Chief Investment Officer
teamwork - learning from the geese
I have learned some interesting facts about geese. In addition to mating for life, geese have figured out key elements about corporate culture and teamwork that we have yet to learn. Here are the facts:
As each goose flaps its wings, it creates an uplift for the bird following. By flying in a V formation, the flock has 71% greater flying range than if one bird flew alone.
Lesson: A company whose people share a common direction and sense of belonging can get where they're going more quickly and easily because they're traveling on the strength of the whole group.
Whenever a goose falls out of formation, it suddenly feels the drag and resistance of trying to fly alone and quickly gets back into formation to take advantage of the lifting power of the bird immediately in front.
Lesson: If we have as much sense as geese, and if the leadership of the company provides as much lift as the goose in front, we will "stay in formation" with those who are ahead of us to get where we want to go, and be willing to accept their help as well as give ours to others. There is nothing altruistic about it. Making your boss look good is an effective way to get ahead, and if your boss indeed is supportive of you she will bring you along with her. This is true for whole departments and the bank as well, but it assumes that there is a corporate value placed on cooperation and that back stabbing does not get rewarded.
When the lead goose gets tired, it rotates back into the formation and another goose flies at the point position.
Lesson: It pays to take turns doing the hard tasks and to share leadership. Sharing power is an effective way to mobilize support and get the most out of your people.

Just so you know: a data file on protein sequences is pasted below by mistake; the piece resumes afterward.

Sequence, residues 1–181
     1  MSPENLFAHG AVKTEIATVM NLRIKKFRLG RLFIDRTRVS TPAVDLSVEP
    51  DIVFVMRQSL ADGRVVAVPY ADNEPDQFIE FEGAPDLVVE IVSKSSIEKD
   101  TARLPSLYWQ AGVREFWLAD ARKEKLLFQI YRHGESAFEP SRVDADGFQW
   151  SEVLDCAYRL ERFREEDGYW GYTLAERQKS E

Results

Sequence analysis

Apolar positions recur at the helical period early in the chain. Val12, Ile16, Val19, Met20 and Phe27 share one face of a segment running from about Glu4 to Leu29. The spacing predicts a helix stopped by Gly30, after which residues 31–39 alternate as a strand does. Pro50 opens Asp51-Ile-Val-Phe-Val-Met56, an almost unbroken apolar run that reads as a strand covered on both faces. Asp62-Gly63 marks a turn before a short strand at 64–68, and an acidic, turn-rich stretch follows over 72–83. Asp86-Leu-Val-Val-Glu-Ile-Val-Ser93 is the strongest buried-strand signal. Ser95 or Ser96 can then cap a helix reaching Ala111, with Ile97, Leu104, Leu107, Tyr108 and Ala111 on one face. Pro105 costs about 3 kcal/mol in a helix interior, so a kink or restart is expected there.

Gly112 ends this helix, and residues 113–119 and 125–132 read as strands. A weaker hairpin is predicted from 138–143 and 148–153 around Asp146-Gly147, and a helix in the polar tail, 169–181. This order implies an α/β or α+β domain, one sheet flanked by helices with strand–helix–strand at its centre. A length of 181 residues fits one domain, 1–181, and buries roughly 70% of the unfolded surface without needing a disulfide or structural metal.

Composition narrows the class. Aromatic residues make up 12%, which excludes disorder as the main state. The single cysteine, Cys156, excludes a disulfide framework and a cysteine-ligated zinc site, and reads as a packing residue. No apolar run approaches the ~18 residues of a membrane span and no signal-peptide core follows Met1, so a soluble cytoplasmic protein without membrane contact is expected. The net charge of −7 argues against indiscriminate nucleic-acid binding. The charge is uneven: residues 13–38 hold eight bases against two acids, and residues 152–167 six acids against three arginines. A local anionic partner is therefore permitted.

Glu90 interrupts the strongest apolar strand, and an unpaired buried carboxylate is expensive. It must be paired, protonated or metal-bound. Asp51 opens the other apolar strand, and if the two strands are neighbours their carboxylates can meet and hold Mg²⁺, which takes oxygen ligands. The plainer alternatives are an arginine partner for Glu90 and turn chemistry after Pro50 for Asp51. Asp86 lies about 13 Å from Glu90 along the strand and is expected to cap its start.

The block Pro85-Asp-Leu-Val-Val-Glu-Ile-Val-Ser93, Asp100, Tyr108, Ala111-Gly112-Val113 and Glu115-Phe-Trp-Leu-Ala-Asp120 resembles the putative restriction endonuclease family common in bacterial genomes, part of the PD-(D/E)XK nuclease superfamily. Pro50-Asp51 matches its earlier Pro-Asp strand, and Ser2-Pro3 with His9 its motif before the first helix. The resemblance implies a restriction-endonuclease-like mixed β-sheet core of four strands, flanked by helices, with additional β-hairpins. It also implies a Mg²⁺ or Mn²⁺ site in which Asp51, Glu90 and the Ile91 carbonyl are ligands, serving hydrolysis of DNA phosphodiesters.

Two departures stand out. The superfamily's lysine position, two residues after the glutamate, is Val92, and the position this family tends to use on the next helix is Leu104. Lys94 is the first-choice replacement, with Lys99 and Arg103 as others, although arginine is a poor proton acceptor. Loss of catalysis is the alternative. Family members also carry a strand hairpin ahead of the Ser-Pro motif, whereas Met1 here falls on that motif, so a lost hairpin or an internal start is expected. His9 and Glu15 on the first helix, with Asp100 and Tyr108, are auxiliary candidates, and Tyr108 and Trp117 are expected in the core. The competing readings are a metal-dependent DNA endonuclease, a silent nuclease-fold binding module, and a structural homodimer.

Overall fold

The geese in formation honk from behind to encourage those up front to keep up their speed.
Lesson: When a colleague is doing a good job, the culture should encourage employees to support him and not be envious. In such a corporate culture, if we support him while he's in front doing the hard tasks, he will support us when it's our turn.
When a goose gets sick or wounded or shot down, two geese drop out of formation and follow it down to help and protect it. They stay with it until it is able to fly again or dies. Then they launch out on their own or with another flock until they rejoin their own.
Lesson: Cooperation and standing by each other in good and bad times sounds very idealistic, but it pays off in overall employee satisfaction and by effectively using and motivating employees.
The geese tell us that strong identity and clear strategic direction are the secrets to making the most out of each member of the organization. An explicit, unifying mission creates organizational leverage and builds momentum. When all employees know where the company is going and believe they will be taken care of by their bank when times are bad, they will give 110%. The gains in productivity and customer satisfaction could potentially outweigh the cost of time and money invested in employee motivation manifold.
We should all learn from the geese: there is strength in team playing. Working together does not necessarily mean sinking to the lowest common denominator. It could mean raising everyone's performance to a higher standard and working in unison toward a common goal. Today's successful SuperCommunity banks (and the geese) demonstrate teamwork in action.